UoN News

Filed under News, UoN ~ by Press on  23 Sep 2019

Newcastle nanotechnologist awarded prestigious international lecture.

Professor Ajayan Vinu has been awarded the highly coveted C.N. Rao Distinguished Lecture on Nanoscience and Nanotechnology at the Indian Institute of Technology Bombay (IIT) Bombay – the highest ranked university in India*.

In his lecture, Advanced Nano-materials for clean energy, environment, and health, Professor Vinu will present the development, capabilities, and current and future applications of nanotechnology for various fields including clean energy generation and carbon capture. 

Professor Vinu will discuss how nanotechnologies can deliver successful energy, environment and health solutions – such as converting carbon dioxide into clean fuel with only sunlight and water, developing innovative devices for energy storage and conversion, and designing advanced drug delivery systems for cancer treatment.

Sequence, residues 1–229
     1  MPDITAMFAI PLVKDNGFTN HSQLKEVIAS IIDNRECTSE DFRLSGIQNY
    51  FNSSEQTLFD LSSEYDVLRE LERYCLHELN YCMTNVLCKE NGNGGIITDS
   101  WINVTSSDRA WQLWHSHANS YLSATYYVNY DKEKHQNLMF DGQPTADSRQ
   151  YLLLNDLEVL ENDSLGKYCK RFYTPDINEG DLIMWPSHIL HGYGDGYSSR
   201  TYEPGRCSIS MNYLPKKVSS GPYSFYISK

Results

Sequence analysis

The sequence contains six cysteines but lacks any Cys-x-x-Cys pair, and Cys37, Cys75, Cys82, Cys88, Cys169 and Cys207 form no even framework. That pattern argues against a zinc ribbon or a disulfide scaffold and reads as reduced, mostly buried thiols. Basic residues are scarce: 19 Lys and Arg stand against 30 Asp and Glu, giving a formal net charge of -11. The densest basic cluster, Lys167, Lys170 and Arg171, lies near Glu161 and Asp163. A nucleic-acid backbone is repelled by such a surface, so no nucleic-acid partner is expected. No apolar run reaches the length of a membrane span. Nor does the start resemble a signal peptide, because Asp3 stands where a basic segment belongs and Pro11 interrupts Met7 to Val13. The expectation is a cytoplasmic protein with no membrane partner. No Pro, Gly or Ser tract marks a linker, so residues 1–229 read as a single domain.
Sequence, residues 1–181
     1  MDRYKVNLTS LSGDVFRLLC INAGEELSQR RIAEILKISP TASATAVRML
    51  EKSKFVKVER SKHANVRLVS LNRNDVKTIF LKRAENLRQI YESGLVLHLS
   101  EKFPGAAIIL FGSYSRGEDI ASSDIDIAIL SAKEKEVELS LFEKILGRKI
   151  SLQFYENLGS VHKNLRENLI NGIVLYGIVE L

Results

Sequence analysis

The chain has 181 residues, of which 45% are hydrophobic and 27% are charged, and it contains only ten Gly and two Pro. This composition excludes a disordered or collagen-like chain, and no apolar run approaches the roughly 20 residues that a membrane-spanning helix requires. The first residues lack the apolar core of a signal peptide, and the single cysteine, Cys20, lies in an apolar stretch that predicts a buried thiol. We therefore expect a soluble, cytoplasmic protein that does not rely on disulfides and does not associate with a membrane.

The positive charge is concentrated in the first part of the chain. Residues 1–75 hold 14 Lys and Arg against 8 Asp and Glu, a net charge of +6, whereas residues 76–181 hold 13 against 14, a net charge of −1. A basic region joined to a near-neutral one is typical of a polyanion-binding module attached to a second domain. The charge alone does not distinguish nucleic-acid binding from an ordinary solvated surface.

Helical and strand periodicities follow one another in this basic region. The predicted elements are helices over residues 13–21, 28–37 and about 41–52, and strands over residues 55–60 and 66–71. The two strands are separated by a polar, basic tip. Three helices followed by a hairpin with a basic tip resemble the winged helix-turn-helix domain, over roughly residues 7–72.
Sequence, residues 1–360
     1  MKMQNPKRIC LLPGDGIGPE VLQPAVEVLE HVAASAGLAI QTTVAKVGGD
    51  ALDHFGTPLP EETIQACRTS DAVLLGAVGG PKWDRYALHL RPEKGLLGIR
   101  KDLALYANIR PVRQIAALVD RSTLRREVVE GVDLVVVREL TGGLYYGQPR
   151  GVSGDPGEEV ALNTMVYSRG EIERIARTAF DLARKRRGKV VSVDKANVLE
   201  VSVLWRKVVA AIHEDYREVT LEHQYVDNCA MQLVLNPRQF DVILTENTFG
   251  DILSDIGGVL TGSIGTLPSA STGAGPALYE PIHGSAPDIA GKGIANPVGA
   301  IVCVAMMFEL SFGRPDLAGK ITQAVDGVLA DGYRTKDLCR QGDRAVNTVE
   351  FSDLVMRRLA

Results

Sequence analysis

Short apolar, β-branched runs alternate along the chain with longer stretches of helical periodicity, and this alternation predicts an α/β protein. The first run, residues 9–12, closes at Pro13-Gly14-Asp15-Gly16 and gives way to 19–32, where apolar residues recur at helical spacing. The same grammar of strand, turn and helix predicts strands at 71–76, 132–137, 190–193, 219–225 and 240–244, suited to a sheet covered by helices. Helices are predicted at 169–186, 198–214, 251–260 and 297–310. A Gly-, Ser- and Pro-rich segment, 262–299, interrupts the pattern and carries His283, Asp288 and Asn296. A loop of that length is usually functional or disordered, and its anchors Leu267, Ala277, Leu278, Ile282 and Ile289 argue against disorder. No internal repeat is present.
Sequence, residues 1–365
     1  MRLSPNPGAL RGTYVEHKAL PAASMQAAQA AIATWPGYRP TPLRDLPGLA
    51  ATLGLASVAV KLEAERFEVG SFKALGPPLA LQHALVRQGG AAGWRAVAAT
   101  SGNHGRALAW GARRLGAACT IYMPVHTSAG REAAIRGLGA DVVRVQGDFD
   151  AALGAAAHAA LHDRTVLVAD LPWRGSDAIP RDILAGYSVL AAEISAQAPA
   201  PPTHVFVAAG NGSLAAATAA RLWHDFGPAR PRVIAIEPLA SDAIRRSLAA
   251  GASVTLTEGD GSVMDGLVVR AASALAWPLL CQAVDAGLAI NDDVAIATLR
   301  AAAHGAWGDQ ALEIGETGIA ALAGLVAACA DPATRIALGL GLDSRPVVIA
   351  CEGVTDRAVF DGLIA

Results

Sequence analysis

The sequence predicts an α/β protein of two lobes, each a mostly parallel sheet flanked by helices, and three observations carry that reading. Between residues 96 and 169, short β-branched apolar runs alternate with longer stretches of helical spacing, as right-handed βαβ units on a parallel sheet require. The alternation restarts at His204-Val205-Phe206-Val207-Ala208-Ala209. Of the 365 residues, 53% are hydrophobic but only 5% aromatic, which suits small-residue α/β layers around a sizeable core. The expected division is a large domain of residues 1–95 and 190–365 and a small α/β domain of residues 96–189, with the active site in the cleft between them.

Continuing his global work, Professor Vinu has also been selected for the SPARC (Scheme for Promotion of Academic and Research Collaboration) award, enabling him and his research team to visit and collaborate with the Indian Institute of Science Education and Research, in Bhopal. 

Professor Vinu is the Global Innovation Chair Professor for Advanced Nanomaterials and the Director of the Global Innovative Centre for Advanced Nanomaterials at the University of Newcastle.

Professor Vinu – Global Innovation Chair Professor for Advanced Nanomaterials and the Director of the Global Innovative Centre for Advanced Nanomaterials at the University of Newcastle
Communities shape but don’t determine student aspirations

Communities exert a powerful influence on young people’s aspirations for university education, according to new research led by the University of Newcastle, Australia.